“If you have stuff that you don’t know how to fix or what to do with it, come on out,” says Stallknecht. “You will walk out of here with something beautiful.  The class is open to anyone – you don’t have to be a senior.”

“Refinish, Restore and Recane Antique Furniture” classes are held Mondays from 9 to noon at Kenneth C. Aitken Community Center, 17800 Redwood Rd. Cost is $1 per session. Call 881-6738 or see www.haywardrec.org

 
National Night Out: Night to Get to Know The Neighbors | Print |  E-mail
Thursday, 07 August 2014 13:17

 

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National Night Out neighborhood organizer Alison Schmidt (right) shares a flyer about the August 5 event with her neighbor Dagmar Bedard.

 

By Linda Sandsmark
CASTRO VALLEY FORUM

 



All across the U.S.A., Tuesday, Aug. 5 will  mark a “National Night Out” (NNO) where people are encouraged to turn on their porch lights and step outside to meet their neighbors.

In one neighborhood near Creekside Middle School, a movement is growing to create that “small-town” feel on an ongoing basis. Starting with this year’s NNO, residents are hoping to stay linked for the long term.

New resident Alison Schmidt, who participated in NNO events at her past residences in Oakland and Southern California, is spearheading the effort with her boyfriend Brian Weber.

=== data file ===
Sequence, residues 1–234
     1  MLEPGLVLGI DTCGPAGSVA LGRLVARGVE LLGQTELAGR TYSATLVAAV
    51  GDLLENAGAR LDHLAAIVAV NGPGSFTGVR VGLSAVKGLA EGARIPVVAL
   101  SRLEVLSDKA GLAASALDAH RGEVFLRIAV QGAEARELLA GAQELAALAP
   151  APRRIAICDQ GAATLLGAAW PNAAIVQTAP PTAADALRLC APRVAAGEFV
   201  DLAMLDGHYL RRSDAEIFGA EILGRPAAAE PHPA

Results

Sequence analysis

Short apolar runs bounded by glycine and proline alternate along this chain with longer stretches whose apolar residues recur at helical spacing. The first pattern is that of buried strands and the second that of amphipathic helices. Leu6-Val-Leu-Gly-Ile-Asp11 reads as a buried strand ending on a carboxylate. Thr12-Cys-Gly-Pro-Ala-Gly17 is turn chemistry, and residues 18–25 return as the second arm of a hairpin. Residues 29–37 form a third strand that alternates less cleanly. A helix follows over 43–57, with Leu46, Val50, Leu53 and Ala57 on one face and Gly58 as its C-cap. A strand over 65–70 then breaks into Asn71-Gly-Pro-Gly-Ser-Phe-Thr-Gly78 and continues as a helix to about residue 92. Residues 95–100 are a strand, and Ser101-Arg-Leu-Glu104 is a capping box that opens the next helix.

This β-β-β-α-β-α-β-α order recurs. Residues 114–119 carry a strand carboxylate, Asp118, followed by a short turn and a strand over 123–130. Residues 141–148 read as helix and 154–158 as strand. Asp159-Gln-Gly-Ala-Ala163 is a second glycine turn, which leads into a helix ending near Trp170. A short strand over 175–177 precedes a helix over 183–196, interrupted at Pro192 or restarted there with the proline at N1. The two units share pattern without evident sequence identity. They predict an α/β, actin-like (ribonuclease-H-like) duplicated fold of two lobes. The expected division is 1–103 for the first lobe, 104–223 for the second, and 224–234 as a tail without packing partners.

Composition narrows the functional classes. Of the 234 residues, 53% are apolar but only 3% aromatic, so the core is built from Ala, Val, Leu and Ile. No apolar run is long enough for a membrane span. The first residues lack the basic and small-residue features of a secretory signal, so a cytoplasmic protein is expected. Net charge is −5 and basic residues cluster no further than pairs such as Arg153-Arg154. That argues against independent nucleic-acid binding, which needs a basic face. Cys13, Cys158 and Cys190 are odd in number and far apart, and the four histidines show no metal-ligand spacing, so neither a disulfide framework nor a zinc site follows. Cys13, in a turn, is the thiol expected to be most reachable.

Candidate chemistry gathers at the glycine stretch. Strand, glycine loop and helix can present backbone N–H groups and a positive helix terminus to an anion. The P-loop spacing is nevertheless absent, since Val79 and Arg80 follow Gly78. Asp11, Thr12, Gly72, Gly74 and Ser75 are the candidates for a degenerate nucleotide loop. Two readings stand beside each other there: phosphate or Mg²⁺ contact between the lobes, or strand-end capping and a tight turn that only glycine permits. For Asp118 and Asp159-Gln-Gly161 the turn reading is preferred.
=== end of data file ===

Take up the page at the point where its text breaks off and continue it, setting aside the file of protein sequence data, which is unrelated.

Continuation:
“We really just want to get everyone in the neighborhood together to get to know each other and hopefully have a good time, and maybe have some lasting results in terms of a more connected and safer neighborhood,” says Schmidt.

The plan is for residents in the vicinity of Gliddon Street and  Edwards Lane to hold a potluck barbecue starting at 6 p.m. at the intersection of those two streets. Tables, chairs and two grills will be set up. Although bringing re-usable plates is encouraged, disposable place settings will be available.

Residents of the east side of Center Street from Paradise Knolls to Heyer are invited to drop by (including Larimer, Parkview, Noree, Rollinghills, Newhaven, and the streets mentioned above).

Longtime Edwards Lane residents Lu and Dagmar Bedard say they are excited about the event.

“We’d really like to get a small-town feel to our neighborhood, more than just a wave as you drive by,” says Dagmar.

She and her husband are especially hoping to “map” the neighborhood, to help find out who might need assistance in case of emergency (such as the elderly, or those living alone or with young children) as well as which neighbors might have medical skills or Community Emergency Response Team (CERT) training.

Schmidt adds that in her former neighborhood in Oakland it wasn’t easy to get to know her neighbors, but one community-minded resident set up a neighborhood social network using the free “Nextdoor.com” website. She encourages others to explore the site.

“We found it to be a great way to get news about the neighborhood, so when we bought our house in Castro Valley, we looked up the group for this area on Nextdoor.com, and found that one existed,” she says.

It was started by the Bedards, and included 30 homes in the neighborhood. Those members have been contacted about NNO, and flyers are going out to all neighbors. Schmidt hopes more residents who live nearby will come and introduce themselves.

“It can be difficult to meet your neighbors,” says Schmidt, “but we really do so much better when know our neighbors and can look out for each other.”